Overview: Capital budgeting is the process of deciding what projects to do. As such it is just a means of doing cost-benefit analysis.
There are many capital budgeting techniques that firms can use. These techniques do not always lead to the same accept-reject decision, so it is necessary to decide what a good capital budgeting technique looks like.
NPV is the best. It is the standard against which all methods are judged. Properly applied and understood, NPV is almost everything in finance!
- An ideal Capital Budget technique should:
use cash flows and not earnings
consider ALL relevant cash flows.
account for the time value of money
be able to correctly select among mutually exclusive projects.
be have a consistent and easy to apply decision rule.
if properly applied lead to higher shareholder value.
be relatively easy to explain
Net Present Value (NPV)
NPV is the best! It satisfies all of our criterion above. It is easy to use and will lead to increased shareholder wealth.
NPV = PV benefits - PV Costs
= Initial cost + PV(expected future cash flows)
Internal Rate of Return (IRR)
The discount rate that makes NPV equal to zero.
See table 6.3 of Ross Westerfield and Jaffe
If cash flows are not "normal" than problems: different IRR for every sign change.
For investing :
For "normal" cash flows: Accept the project if IRR > cost of capital on the project. Why? IRR> r is the same as NPV > 0.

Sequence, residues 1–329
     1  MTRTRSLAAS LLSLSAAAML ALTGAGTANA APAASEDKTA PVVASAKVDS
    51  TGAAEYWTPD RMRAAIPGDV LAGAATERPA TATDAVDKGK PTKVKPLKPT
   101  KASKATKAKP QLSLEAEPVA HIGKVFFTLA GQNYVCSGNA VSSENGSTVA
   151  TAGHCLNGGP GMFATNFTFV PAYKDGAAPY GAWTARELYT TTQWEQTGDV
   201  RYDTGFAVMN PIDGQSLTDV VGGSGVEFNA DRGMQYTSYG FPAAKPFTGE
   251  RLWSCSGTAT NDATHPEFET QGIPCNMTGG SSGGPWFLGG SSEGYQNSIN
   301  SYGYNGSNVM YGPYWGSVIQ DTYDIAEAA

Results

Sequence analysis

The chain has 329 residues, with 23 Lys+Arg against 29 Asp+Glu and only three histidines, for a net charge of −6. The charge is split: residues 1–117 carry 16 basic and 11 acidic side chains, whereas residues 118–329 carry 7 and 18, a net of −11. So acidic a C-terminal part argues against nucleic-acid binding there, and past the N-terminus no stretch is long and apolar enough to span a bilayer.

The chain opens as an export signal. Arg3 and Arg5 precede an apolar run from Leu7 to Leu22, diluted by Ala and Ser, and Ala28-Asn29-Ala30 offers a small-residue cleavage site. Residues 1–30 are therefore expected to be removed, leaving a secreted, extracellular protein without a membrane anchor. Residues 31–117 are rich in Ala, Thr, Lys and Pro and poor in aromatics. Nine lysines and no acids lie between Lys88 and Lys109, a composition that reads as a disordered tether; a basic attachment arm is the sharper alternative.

If cash inflow, followed by all negative, accept if IRR <>
- Modified IRR
Way around the multiple IRR problem is to combine the cash flows until only one sign change exists. (i.e. take present values and add positive and negative together.
- Way around scales differences is to use incremental IRR. This involves finding the difference between the size of the two cash flows.
- Profitability Index
for normal cash flows PI = PV benefits / initial cost
(that is PV of cash flows after the first cash flow)/ initial cost
Some firms also use NPV/Initial cost.
Benefit: good is rationing
Disadvantage: still have scale problems--solution: use incremental cash flows
How many years it takes get the investment back.
Example: project costs 1000, pays back 300 per year
Payback = 3.33 years
Problems: arbitrary cut-off, ignores all cash flows after payback, ignores time value of money, leads to short-term thinking
Advantage: Easy!!! Managers like it.
- Discounted Payback
same as Payback period, but use discounted cash flows in stead of regular cash flows.
Average Accounting rate of return---possibly my least favorite method!
Example: accept a project is average Return on Assets is greater than some hurdle rate.
Does not use cash flows, does not consider time value of money, has arbitrary decision rule.
Only good things, is that it uses data that is already available and often times pay of middle managers is tied to ROI or ROA.